Most of us think that the goal of life should be happiness. We define happiness as the opposite of suffering and act as though if we can only get rid of the bad “stuff”, we’ll be left with only the good. The problem is that this is impossible. Some type of suffering is wired into living, whether it involves the inevitability of physical decline, disappointments in relationships, and/or painful feelings of some kind. Instead of fetishizing happiness, we should strive to live our lives aligned with our values, those principles that reflect our deepest aspirations and our best selves. And in the process of doing so, that can be truly a good enough life.
Cynicism is a plague in our society. There is a personal psychological dimension of it and a social or political version. On a personal level, cynicism is the belief that the way things are is the way they’re supposed to be. People complain about their lives but, at the same time, believe that they have no freedom to change any of it. That’s cynicism. On a social and political level, the belief that the world is somehow hardwired to favor the rich and screw everyone else, while partially true, is cynical because it ignores a long history of successful movements for social change. Progressives – who should, by all accounts know better—are highly susceptible to various forms of cynicism.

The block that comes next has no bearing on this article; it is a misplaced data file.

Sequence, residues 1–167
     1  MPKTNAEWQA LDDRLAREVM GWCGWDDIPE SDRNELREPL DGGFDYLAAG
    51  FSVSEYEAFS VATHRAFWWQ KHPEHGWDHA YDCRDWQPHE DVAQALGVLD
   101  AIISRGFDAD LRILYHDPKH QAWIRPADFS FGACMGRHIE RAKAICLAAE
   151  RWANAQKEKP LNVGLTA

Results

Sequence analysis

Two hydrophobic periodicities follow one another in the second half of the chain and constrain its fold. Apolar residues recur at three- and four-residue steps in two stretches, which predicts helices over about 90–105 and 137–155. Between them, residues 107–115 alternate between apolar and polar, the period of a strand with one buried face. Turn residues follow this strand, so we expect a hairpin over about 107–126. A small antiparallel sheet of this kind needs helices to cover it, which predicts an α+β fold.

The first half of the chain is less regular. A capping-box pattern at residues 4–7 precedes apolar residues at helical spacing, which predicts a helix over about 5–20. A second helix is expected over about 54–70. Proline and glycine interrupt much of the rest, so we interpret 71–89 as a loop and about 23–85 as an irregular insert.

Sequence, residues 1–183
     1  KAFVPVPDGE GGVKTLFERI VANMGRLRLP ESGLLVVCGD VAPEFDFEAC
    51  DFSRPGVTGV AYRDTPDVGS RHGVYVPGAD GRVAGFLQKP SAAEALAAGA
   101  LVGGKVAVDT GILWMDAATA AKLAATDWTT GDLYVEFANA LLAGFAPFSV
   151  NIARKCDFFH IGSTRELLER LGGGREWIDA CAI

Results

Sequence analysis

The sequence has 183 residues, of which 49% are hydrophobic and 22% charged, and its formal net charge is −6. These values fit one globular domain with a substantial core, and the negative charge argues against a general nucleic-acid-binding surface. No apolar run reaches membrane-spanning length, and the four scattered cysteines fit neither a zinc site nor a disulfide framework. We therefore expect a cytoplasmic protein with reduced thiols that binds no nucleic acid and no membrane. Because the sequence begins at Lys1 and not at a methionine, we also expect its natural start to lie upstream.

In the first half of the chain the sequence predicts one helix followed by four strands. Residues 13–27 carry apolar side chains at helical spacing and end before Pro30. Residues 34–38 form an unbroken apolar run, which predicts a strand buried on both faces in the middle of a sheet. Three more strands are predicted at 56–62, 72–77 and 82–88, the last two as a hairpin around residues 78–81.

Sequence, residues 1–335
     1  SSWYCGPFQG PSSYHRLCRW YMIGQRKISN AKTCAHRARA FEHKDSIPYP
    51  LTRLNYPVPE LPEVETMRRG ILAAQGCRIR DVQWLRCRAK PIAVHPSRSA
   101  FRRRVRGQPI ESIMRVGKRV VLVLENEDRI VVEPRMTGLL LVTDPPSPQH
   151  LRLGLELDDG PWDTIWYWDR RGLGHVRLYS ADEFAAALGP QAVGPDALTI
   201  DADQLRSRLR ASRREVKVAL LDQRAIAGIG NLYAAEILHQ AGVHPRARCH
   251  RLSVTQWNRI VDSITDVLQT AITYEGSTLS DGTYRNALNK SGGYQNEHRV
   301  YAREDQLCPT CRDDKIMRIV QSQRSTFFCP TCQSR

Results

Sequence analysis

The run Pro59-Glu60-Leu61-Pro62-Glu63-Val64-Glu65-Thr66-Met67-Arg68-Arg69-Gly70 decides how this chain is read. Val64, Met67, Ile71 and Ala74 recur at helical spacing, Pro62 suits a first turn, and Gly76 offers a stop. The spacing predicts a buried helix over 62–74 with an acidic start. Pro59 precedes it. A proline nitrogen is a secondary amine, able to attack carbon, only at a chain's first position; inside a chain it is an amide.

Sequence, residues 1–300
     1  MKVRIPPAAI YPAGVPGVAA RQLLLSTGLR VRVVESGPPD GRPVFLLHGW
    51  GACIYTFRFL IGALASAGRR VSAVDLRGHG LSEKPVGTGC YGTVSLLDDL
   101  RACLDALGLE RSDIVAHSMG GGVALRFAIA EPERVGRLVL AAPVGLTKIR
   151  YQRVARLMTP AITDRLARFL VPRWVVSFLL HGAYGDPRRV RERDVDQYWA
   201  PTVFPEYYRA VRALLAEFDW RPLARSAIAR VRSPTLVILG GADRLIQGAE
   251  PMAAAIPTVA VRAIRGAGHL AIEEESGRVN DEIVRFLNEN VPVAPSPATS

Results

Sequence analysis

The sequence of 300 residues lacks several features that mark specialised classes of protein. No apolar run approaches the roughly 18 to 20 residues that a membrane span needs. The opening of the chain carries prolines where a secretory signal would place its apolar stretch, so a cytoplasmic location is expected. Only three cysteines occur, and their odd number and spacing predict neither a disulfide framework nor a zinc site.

Dreams are unconsciously intended to help people master psychological difficulties. Sometimes they offer warnings, other times encouragement. One can not only learn about oneself from analyzing one’s dreams, but dreams can help steer us toward greater health and safety.
Masculinity is founded on the renunciation of femininity. Boys have to emphasize their difference from their female mothers as they simultaneously attempt to separate from them. Thus, masculinity is based on negating femininity which makes it inherently brittle and unstable. Boys further learn to devalue femininity in order to reinforce their sense of separateness and difference. Normal love and intimacy threatens these defenses. Boys, and later men, use objectification and emotional withdrawal in their attempts to feel safe.